It was unanimously decided to rebuild the church building and on 27th June 1829, at a cost of £560, a new meeting house was officially opened. Three months later the congregation had cleared their debts. It would, with some modification, continue as the congregation’s meeting house until the extensive renovations of 2005.
Not long after arriving in Bushmills, Mr. Hamill purchased a piece of land in the townland of Eagry (on what is today the Straid Road) of some nine acres upon which he built a dwelling house. Prior to this, there is no substantiated record of a Manse for the minister of Bushmills. Upon his death, Mr. Hamill’s widow his widow to enacted his long-held wish that the house and land at Eagry be made available for future ministers of Bushmills in perpetuity. You can read further details on the development of the Manse here.
With the Victorian era in full-swing, Bushmills town was enjoying considerable growth. Ordnance Survey Memoirs record that the population increased from 65 in 1821 to1,072 some 70 years later and that the number of houses grew accordingly from 15 to 251. The congregation also grew during this period, as Presbytery visitations suggest, to a peak of some 300 families in 1844.
It was during The Rev’d Mr. Boyle’s ministry that the present church hall was constructed. The hall, which is of impressive construction to the extent that it is often mistaken by visitors as being the church, was opened on 22nd August 1897, at a cost of £1,000. The piece of ground on the north side of the church on which the hall stands was purchased from Mr David McNeill at a cost of £155. Each stipend payer was asked, on average, to donate the equivalent of one year’s stipend. The congregation decided to name the hall “The Hamill Hall” in memory of Mr Boyle’s predecessor, the Rev’d Hugh Hamill. Portraits of both reverend gentlemen were hung in the new hall, of which only that of Mr Hamill now remains. The Hamill Hall was an ambitious project in its day and was to become the focus not only for church activities, but as the largest venue in the town, as a community resource for many years to come. Generations of children and adults have benefited from the hall’s facilities which continued to be updated throughout the twentieth century.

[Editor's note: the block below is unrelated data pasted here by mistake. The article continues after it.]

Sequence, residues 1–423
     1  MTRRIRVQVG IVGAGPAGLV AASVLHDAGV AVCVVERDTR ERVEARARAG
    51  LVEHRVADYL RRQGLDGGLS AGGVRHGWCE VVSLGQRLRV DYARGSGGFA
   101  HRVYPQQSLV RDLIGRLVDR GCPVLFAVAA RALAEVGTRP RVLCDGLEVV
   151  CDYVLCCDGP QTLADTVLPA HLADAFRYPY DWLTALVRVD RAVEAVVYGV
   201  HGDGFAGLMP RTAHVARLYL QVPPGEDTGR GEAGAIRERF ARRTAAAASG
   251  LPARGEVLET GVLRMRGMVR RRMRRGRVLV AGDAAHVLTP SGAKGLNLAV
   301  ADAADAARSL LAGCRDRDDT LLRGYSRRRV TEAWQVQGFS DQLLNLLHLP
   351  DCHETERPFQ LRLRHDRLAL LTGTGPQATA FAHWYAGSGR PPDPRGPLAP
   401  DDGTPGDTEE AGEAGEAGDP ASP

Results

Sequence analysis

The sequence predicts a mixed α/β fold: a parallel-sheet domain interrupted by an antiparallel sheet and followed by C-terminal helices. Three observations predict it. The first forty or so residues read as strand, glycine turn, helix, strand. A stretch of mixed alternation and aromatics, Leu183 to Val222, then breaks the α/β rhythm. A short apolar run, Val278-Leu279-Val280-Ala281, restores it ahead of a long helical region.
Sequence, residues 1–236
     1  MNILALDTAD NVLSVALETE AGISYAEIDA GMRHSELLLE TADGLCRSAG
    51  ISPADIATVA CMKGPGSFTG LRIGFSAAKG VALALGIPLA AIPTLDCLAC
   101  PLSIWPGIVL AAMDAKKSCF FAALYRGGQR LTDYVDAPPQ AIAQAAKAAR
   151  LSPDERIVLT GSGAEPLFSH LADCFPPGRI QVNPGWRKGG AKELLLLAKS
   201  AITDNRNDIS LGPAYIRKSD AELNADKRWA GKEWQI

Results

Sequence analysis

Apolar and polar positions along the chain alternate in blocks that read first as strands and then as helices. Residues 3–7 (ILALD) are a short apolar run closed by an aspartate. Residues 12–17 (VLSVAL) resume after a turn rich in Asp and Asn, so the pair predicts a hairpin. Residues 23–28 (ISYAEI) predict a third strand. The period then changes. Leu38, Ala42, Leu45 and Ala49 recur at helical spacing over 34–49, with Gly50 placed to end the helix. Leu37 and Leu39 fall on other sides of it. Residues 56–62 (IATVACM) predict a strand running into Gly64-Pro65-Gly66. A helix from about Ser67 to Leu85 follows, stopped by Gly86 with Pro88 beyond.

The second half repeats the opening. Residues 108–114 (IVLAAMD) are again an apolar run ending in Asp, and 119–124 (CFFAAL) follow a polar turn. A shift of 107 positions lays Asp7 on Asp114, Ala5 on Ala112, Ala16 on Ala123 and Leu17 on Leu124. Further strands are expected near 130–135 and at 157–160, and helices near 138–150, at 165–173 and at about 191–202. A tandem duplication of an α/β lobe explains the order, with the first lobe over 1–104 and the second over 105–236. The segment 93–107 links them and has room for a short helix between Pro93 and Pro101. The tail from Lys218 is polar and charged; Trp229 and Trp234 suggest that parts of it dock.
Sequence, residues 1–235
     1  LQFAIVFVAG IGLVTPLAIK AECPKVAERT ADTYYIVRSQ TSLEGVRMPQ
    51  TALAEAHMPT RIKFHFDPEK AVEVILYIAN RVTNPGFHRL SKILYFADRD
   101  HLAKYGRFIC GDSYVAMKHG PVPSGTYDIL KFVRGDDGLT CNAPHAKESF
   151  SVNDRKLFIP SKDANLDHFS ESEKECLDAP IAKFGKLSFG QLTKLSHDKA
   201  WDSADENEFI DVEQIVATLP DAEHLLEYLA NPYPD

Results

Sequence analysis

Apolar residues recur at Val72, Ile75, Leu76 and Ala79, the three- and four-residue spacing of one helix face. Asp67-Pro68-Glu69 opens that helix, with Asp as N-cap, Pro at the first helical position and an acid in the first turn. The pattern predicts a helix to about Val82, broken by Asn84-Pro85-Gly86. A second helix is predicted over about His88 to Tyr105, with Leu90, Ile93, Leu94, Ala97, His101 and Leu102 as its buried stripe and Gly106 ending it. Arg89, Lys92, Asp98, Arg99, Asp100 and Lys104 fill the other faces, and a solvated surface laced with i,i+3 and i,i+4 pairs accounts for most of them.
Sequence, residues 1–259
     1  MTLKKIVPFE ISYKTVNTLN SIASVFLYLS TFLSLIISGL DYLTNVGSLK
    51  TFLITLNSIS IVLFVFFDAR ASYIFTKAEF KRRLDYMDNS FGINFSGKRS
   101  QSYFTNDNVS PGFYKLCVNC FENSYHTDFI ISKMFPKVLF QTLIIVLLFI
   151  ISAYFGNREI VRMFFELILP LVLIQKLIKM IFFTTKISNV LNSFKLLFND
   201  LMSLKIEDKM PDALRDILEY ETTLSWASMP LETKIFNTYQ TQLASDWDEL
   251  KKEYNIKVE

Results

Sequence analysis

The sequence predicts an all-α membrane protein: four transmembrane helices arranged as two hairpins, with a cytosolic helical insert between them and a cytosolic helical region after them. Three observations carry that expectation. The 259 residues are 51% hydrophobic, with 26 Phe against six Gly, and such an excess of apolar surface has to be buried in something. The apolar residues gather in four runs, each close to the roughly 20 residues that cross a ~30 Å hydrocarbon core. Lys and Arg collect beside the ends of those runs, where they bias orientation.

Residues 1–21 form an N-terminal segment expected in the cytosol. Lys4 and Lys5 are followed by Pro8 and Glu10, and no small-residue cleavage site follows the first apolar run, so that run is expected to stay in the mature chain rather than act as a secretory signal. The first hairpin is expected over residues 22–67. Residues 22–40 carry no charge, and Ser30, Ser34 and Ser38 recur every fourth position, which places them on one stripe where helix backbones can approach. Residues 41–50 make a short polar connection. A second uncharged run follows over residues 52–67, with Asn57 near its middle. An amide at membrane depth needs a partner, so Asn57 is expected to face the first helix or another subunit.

The Twentieth Century
It seemed almost as if the long reign of Queen Victoria that came to an end in 1901 correlated historically with the ending of two long ministries in Bushmills. Between them, the Reverends Hamill and Boyle had served Bushmills for eighty-two years. The marble memorial plaques on either side of the windows in the present church continue to bear witness to a longevity of service that is unlikely ever to be repeated. In 1902 Mr. Boyle died. He was to be succeeded by men of no less calibre perhaps, but whose tenure would be considerably less.
The Rev’d Francis James Paul, M.A., D.D. 1902-1911
The Rev’d Joseph Fisher Anderson, B.A. 1912-1918
The Rev’d Samuel McCully, B.A. 1919-1928
The Rev’d David Maybin, B.A. 1928-1949
The Rev’d Samuel Eaton, M.A., H.C.F. 1950-1959
The Rev’d John William Patrick Lowry, B.A., B.D. 1959-1969
The Rev’d Hugh Barkley Wallace, M.A 1970-2000
Numerous enhancements were made to the church property during The Rev’d Hugh Barkley Wallace‘s, ministry. In 1977 considerable renovations took place involving the Hamill Hall, including the provision of a platform. In 1979 the Manse was extensively refurbished. In 1988 a new church kitchen was installed, provided by the ladies of the P.W.A. and in 1993 the Minor Hall was constructed, incorporating some of the buildings from the old stables adjoining the church.
During Mr Wallace’s ministry a number of special services were initiated which celebrated the Christian Year, all of which have continued to flourish. In 1971 a Good Friday service took place for the first time, which subsequently became a service incorporating the Lord’s Supper. In 1979 an early morning service was held for the first time at the Giant’s Causeway on Easter Sunday, followed by breakfast in the Hamill Hall. In 1991 the first Christmas Eve service took place. Evening communions, held in February and September, have been celebrated since 1977 and are appreciated by many who benefit from the quiet reverence of such occasions.